|The Prussian Army in peacetime|
Prussian Army (1713-1740): 3.2% per year.
French Army (1716-1749): 4.4% per year
Saxon Army (1717-1727): 7% per year.
Average: 4.9% 
|The Battle of Krefeld|
Seven Years' War Era:
Hanoverian (Electorate of Hanover, not British) Army: 14%
Austrian Army: 6-7% per year or 20.49% of total losses (circa 62,000 men)
Prussian Army: 18% Total
28% of total losses (circa 70,000 men)
Data from the Hacke Regiment indicates a desertion of 6% of regimental strength per year on average during the Seven Years' War.
Average: 17.3% 
|Perhaps surprisingly, the British Army had a low rate of desertion|
American War of Independence Era:
British Army: Frey: 4% (circa 3,700 men)
Steppler: 7-8%, with recaptures/reenlistments a net loss of 4.4%
Sylvia Frey: "[D]esertion was apparently not a significant problem."
Hessen-Kassel Army in North America: 11.5%
Braunschweig-Wolfenbüttel Army in North America: 11.7%
Continental Army: 20-25%.
Average: 12% 
|Continental Army desertion was somewhat higher than this stalwart pose might suggest.|
Let us analyze these figures. The Prussian army, oft-maligned as harsh and draconian, had lower figures than some of its competitors. The Continental Army, suffering frequent privations and battlefield reverses, suffered a great deal at the hands of desertion. Perhaps most surprising is the relatively low figures for the British army, and it should be noted, they are not exact. However, Frey and Steppler concur that desertion in the British army was "not the most serious drain on the army's manpower."
In summary, the data seems to imply that desertion was often less common than we have been led to believe. Although, admittedly, desertion in this era was much greater than in the 20th century, when less than .5% of the U.S. army deserted in Vietnam. However, desertion was perhaps less of a problem then has previously been believed. It remained a headache for eighteenth-century commanders, as desertion could skyrocket in adverse circumstances, much like illness. In one campaign in 1744, Frederick II lost 15% of the entire Prussian army to desertion. Rarely, however, do the figures support the longstanding belief that it was normal for more than 20% of an army to be lost to desertion during a campaign. Ilya Berkovich has recently used this more developed figures to argue that lower rates of desertion and higher rates of retention could have implications for the motivations of soldiers in the eighteenth century. Inflated claims regarding desertion have long been a part of the "these soldiers were the scum of the earth" myth, and deserves to be evaluated in greater detail. Desertion was a scourge in the minds of eighteenth-century commanders, but perhaps not totally debilhatating for eighteenth-century armies.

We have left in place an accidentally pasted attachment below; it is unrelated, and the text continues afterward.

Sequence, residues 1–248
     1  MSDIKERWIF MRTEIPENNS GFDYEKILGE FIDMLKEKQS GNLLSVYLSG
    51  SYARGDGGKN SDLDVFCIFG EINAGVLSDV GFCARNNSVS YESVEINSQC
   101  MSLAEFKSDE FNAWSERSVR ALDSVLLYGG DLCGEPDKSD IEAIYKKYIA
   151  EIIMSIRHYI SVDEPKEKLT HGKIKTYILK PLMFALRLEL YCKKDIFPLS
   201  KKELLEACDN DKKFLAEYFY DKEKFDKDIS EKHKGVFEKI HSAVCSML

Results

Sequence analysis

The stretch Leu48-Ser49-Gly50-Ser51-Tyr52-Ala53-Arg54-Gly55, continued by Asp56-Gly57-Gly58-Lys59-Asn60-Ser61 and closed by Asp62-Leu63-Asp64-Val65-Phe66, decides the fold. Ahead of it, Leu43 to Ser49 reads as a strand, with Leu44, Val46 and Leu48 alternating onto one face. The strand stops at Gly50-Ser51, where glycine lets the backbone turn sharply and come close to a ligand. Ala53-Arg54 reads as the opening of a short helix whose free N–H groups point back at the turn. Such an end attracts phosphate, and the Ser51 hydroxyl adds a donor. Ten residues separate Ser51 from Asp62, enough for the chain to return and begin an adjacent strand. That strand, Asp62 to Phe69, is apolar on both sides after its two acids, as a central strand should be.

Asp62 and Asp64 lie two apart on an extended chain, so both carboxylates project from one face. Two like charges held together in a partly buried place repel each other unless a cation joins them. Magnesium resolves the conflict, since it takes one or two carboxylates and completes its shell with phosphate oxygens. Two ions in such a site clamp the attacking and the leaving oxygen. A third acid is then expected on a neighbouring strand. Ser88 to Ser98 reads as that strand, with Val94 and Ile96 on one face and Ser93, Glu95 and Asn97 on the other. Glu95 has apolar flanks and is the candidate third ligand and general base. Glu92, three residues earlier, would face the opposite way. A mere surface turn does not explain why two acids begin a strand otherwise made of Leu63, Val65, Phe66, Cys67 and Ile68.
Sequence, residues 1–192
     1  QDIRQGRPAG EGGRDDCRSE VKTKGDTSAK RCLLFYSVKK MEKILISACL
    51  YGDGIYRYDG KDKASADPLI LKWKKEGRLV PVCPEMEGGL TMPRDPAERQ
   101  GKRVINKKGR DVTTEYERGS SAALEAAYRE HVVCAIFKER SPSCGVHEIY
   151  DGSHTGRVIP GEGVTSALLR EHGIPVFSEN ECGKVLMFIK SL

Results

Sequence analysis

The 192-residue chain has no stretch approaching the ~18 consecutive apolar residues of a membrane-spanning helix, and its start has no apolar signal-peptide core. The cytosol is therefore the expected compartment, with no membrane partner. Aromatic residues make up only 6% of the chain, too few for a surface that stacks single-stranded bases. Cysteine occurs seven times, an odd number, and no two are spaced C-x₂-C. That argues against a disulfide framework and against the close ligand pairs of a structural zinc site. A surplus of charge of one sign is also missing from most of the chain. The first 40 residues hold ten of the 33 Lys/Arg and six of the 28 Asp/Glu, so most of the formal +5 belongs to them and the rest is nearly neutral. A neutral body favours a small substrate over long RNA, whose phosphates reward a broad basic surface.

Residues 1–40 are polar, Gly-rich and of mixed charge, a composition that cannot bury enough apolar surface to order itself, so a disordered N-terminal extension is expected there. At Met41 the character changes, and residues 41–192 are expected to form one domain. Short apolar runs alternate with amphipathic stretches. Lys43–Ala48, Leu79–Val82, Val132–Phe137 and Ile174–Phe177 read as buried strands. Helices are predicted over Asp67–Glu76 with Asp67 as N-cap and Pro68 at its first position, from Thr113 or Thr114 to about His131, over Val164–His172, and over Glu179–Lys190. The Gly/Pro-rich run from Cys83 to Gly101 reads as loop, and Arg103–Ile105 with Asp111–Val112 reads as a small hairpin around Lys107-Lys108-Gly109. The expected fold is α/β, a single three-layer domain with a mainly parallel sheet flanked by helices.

Thanks for Reading,
 J.A. Houlding, Fit for Service, v.
 Sascha Möbius, Mehr Angst vor dem Offizier als vor dem Feind?: Eine mentalitätsgeschichtliche Studie zur preußischen Taktik im Siebenjährigen Krieg.
 Christopher Duffy, Instrument of War, 201.
 Ilya Berkovich, Motivation in War, 59-60.
 Willerd Fann, "Peacetime Attrition in the Army of Frederick William I," 326-327.; quoted in Ilya Berkovich, Motivation in War, 58.
 Data comes from: Michael Sikora, Disziplin und Desertion : Strukturprobleme militärischer Organisation im 18. Jahrhundert, 74.; Berkovich, Motivation in War, 77.; Duffy, Instrument of War, 212.; Duffy, Army of Frederick the Great, 85.; Daniel Krebs, A Generous and Merciful Enemy, 252.; Bagensky, Regiments Buch des Grenadiers Regiments koenig Friedrich Wilhelm IV., 79.; André Corvisier, L'Armee Francaise, 736-7.
 Data comes from: Sylvia Frey, British Soldier in North America, 72.; Glenn Steppler, "The Common Soldier in the Reign of George III," 189.; Daniel Krebs, A Generous and Merciful Enemy, 251-252.; James Edmonson, "Desertion in the American Army during the Revolutionary War," pg. 261.
 Steppler, "The Common Soldier," 189.
 Duffy, Army of Frederick the Great, 84.
 Willred Fann, "Peacetime Attrition" 323.; Duffy, Military Experience in the Age of Reason, 172.